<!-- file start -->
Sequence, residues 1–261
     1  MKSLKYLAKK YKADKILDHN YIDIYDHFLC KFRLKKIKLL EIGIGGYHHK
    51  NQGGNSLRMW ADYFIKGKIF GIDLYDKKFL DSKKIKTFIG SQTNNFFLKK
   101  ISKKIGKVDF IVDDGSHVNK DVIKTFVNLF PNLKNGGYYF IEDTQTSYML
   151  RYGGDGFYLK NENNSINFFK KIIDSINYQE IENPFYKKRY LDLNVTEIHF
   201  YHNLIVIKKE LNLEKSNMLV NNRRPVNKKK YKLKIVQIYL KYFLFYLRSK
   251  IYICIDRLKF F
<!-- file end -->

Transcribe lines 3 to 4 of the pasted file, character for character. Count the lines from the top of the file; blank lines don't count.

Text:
    51  NQGGNSLRMW ADYFIKGKIF GIDLYDKKFL DSKKIKTFIG SQTNNFFLKK
   101  ISKKIGKVDF IVDDGSHVNK DVIKTFVNLF PNLKNGGYYF IEDTQTSYML